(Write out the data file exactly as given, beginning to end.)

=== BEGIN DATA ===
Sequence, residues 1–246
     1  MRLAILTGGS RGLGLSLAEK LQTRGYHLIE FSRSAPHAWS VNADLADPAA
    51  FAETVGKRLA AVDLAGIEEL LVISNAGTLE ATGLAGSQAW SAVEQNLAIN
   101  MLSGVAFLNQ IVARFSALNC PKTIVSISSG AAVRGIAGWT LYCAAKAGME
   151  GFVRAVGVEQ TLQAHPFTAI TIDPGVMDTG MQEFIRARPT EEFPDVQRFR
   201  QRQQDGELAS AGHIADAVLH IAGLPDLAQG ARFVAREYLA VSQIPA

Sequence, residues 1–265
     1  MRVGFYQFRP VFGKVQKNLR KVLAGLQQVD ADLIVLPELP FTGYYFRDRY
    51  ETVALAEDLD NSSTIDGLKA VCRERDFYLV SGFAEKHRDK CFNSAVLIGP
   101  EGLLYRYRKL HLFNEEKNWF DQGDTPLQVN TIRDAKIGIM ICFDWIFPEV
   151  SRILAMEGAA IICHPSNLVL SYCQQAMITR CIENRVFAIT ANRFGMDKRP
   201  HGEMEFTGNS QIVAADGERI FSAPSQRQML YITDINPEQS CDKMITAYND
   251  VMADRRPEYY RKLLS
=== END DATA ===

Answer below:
Sequence, residues 1–246
     1  MRLAILTGGS RGLGLSLAEK LQTRGYHLIE FSRSAPHAWS VNADLADPAA
    51  FAETVGKRLA AVDLAGIEEL LVISNAGTLE ATGLAGSQAW SAVEQNLAIN
   101  MLSGVAFLNQ IVARFSALNC PKTIVSISSG AAVRGIAGWT LYCAAKAGME
   151  GFVRAVGVEQ TLQAHPFTAI TIDPGVMDTG MQEFIRARPT EEFPDVQRFR
   201  QRQQDGELAS AGHIADAVLH IAGLPDLAQG ARFVAREYLA VSQIPA

Sequence, residues 1–265
     1  MRVGFYQFRP VFGKVQKNLR KVLAGLQQVD ADLIVLPELP FTGYYFRDRY
    51  ETVALAEDLD NSSTIDGLKA VCRERDFYLV SGFAEKHRDK CFNSAVLIGP
   101  EGLLYRYRKL HLFNEEKNWF DQGDTPLQVN TIRDAKIGIM ICFDWIFPEV
   151  SRILAMEGAA IICHPSNLVL SYCQQAMITR CIENRVFAIT ANRFGMDKRP
   201  HGEMEFTGNS QIVAADGERI FSAPSQRQML YITDINPEQS CDKMITAYND
   251  VMADRRPEYY RKLLS